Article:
John & Susan Merrell
41390 Hwy 226
Scio, OR 97374
503-551-7219 (cell)
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Developing a Disaster plan

Disaster and Emergency Planning  begins by identifying the most likely types of emergencies and disasters which your farm might experience. This will be very much site specific.

For instance, in our area of the Pacific Northwest, and particularly on our piece of property, flooding is the single most likely disaster we will face. Other potential disasters include winds, earthquake and volcanic eruption. Obviously, each of these will require different plans to effectively cope with.

Other areas might face quite different potential emergencies. Some areas are subject to hurricanes, some to tornados, some to forest or rangeland wildfires, and some to chemical or radioactive events from nearby industrial areas, power plants or military bases.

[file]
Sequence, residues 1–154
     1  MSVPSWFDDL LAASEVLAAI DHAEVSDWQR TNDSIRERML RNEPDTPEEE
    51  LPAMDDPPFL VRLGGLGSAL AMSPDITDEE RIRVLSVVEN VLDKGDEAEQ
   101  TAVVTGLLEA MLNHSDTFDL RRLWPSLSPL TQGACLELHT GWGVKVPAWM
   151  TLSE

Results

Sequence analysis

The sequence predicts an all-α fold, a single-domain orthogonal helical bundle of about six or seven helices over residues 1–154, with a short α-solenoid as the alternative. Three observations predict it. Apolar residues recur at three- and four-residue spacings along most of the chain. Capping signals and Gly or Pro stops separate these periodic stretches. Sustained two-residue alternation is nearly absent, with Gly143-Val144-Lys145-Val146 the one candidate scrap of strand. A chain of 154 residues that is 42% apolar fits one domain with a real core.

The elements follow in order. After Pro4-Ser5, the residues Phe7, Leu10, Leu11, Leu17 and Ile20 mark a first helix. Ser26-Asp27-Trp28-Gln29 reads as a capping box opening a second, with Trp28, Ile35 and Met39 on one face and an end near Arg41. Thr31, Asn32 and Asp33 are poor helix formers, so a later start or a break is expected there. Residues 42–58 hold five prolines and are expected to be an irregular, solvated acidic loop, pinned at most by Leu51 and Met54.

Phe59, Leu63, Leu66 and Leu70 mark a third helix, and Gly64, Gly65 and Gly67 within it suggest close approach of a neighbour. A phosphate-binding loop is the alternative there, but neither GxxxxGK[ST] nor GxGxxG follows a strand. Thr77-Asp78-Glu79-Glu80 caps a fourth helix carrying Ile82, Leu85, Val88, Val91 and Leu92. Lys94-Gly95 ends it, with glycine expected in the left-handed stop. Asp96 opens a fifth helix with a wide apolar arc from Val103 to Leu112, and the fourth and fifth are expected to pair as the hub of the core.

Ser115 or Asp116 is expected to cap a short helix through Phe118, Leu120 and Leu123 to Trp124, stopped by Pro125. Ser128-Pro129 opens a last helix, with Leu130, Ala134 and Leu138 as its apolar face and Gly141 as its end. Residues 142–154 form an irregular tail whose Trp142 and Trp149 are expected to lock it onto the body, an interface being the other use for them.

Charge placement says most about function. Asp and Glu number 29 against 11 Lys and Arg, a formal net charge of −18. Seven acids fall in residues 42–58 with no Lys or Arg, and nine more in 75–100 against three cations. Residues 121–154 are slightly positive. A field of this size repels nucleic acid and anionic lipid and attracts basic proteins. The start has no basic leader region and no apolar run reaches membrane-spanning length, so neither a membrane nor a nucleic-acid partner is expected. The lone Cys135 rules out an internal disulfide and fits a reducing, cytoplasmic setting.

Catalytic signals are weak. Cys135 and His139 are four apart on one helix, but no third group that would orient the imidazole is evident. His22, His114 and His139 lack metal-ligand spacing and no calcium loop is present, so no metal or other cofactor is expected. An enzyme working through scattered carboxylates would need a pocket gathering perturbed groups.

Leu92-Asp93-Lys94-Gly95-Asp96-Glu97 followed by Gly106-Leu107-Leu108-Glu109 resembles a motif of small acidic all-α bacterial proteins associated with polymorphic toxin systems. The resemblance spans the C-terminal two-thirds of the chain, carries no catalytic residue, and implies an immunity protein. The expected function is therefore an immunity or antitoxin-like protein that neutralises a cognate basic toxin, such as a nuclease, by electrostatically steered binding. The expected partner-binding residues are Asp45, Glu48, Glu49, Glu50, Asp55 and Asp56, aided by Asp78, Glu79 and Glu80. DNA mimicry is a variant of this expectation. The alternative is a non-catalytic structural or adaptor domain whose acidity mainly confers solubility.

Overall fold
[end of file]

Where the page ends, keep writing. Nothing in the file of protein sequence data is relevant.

Once the most likely disasters are identified one can begin to make specific plans for each. It is advisable that plans be detailed and written. Remember, in the case of a widespread disaster you might not be available to implement your plan, in which case it will fall on someone else to do it for you.

Evacuate or Defend in Place?

Many disasters come with some degree of warning. Examples would include wildfires or a hurricanes. Others, such as earthquakes, will strike with no warning at all.

When warnings are available, one must decide whether to evacuate or defend in place. Again, this decision will be driven by local circumstances and the exact nature of the emergency. Regardless, a good disaster plan should include options for each strategy.

Alpaca Sales

"Here wool-buyers come to bid for the clip. The high prices which alpaca fleece commands have brought prosperity..."

- Hiram Bingham
Inca Land, Explorations in the Highlands of Peru
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